When pipelines rupture, water spews uncontrollably. Immediately, repairmen rush to the site, patching back up the damage. Similarly, such processes occur in the brain.
Intracerebral hemorrhage (ICH), a form of stroke, is characterized by rupturing blood vessels in the brain. Along with a mortality rate of 40-50%, there is no current treatment. Following the break in blood vessel, the battle is only half over. The immune system is activated, and macrophages such as microglia, a form of white blood cells, rush to the job gobbling up unwanted particles at the site of hemorrhage. However, once activated, the microglia respond in two possible ways. The classical response harms the brain by releasing pro-inflammatory molecules within the brain. The alternative response does just the opposite, releasing anti-inflammatory signaling factors aiding in brain tissue recovery. How such strikingly different responses could be activated in the human brain following ICH remains unknown.
Lauren Sansing, associate professor in neurology at Yale University, along with Roslyn Taylor, lead author of a study and researcher in the Sansing lab, sought to examine the microglial response following ICH, and to determine the cause behind the activation of the alternative recovery responses. By studying changes in gene expression, Sansing and her team could pinpoint the mechanism behind these responses. To do this, the researchers analyzed the changes in the activation of 780 genes in microglia. They noticed that the most rapid changes in 78 of these genes occurred between days 3 and 7 following ICH. This time period, called the acute phase, is marked by edema—the swelling of the brain due to fluid. With hemorrhage causing damage to the brain, its microglia repair mechanisms are crucial. The researchers found that by day 7, microglia activate genes that aid in recovery, releasing anti-inflammatory molecules instead of pro-inflammatory ones. “It would make sense that microglia would turn off the inflammatory process pretty quickly,” Sansing said.
Once the researchers observed these changes in microglia phenotype, the question became determining what was mediating the alternative, reparative mechanism. Searching for possible pathways, researchers found a signaling protein most responsible: the TGF-β1 pathway. Earlier findings have shown the importance of this signaling pathway in the development of microglia. “It wasn’t surprising that TGF-β1 became important in this recovery phase, but it had never really been identified before,” Sansing said.
Now, they wanted to test whether introducing TGF-β1 protein would increase the repair functions of microglia. Taylor and her team studied the inflammatory responses in microglia in cell culture by treating them with thrombin, a protein-cutting enzyme, which stimulates microglia to react similarly to the response following ICH in the body. They then treated the cells with TGF-β1 protein and observed the response of microglia. Their results were promising—they found that inflammation was reduced after treatment.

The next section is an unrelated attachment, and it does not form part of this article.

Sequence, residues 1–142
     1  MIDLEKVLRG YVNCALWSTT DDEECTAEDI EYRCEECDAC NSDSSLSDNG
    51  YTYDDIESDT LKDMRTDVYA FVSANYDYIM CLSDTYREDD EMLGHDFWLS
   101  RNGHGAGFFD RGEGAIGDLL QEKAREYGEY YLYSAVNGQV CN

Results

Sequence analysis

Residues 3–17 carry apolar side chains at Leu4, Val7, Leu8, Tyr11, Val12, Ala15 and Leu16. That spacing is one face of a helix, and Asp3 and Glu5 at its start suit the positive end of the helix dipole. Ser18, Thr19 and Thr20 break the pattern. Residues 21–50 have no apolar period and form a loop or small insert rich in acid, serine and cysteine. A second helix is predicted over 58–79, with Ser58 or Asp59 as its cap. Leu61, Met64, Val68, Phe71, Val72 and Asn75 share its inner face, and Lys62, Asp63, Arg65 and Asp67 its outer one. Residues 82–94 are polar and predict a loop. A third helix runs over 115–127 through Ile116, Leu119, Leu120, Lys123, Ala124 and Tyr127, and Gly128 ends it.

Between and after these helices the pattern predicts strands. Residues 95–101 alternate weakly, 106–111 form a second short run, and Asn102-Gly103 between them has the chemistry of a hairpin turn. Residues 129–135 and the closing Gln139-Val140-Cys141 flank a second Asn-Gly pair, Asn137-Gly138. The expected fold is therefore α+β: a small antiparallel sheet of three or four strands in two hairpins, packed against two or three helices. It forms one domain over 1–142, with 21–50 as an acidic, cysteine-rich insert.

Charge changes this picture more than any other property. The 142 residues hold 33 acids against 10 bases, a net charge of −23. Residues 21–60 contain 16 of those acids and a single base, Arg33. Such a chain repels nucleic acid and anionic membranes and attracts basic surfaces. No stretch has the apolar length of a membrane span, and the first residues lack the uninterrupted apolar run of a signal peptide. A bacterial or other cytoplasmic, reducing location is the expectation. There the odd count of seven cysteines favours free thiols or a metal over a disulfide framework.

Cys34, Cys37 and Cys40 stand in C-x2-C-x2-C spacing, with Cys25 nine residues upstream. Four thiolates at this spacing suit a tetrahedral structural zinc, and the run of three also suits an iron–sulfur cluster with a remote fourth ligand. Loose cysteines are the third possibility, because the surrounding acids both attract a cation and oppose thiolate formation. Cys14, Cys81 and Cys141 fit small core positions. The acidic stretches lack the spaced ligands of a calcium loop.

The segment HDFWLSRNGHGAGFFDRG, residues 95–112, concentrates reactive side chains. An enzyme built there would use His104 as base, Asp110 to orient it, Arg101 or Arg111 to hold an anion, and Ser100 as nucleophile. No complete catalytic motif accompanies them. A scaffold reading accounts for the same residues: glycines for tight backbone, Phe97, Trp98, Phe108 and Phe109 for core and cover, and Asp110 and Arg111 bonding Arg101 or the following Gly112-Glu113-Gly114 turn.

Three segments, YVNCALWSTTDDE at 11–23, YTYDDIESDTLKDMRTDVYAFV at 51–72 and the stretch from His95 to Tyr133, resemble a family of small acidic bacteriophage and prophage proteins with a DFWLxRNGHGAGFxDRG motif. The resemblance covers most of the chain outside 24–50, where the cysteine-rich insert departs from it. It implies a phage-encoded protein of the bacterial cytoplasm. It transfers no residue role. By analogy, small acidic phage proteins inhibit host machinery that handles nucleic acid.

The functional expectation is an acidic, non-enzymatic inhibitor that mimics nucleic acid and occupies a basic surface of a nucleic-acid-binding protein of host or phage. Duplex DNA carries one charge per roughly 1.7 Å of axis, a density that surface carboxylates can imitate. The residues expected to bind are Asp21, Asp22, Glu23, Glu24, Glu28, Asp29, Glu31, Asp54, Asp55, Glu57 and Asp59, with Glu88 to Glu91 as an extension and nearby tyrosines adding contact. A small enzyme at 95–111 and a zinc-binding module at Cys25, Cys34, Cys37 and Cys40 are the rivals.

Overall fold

Following their findings of the role of the TGF-β1 pathway in reducing inflammation in the classic microglial response, the researchers treated mice by injecting TGF-β1 protein directly into the brain and observed the microglial response. They found that TGF-β1-treatment given within 4 hours after the occurrence of ICH resulted in recovered motor function within a day. Researchers were then interested in how these results were relevant in human patients.
Applying these findings to human patients, the researchers found that the earlier the TGF-β1 pathway was induced, the higher the chance of recovery. Using the modified Rankin scale, which categorizes severity of stroke on a 7-point scale where 7 signifies death, the researchers measured the outcome of patients following ICH. Those with an earlier increased activation level of the TGF-β1 protein pathway 6 to 72 hours after ICH had less severe outcomes—and thereby a lower modified Ranking score—than those with later activation.
By studying the changes in response of microglia, Taylor and her team have provided promising outlook on the mechanism behind repair following brain hemorrhage. “I think that our findings will help provide further insights as to what TGF-B1 may be doing specifically in microglia in neuroinflammatory diseases,” Taylor said. While the researchers are still unsure what causes earlier activation of the TGF-β1 pathway in some patients, the results support the role of this pathway in repairing brain damage. Until then, Taylor and her team hopes other researchers will continue brainstorming ways in which the TGF-β1 pathway may be involved in therapeutic treatment for stroke victims. “The big question remains whether we can we actually intervene on this pathway by giving patients TGF-β1 protein,” Sansing said.
Featured Image: A member in the Sansing lab conducts experiments to study neurological diseases. Image courtesy of Jared Peralta.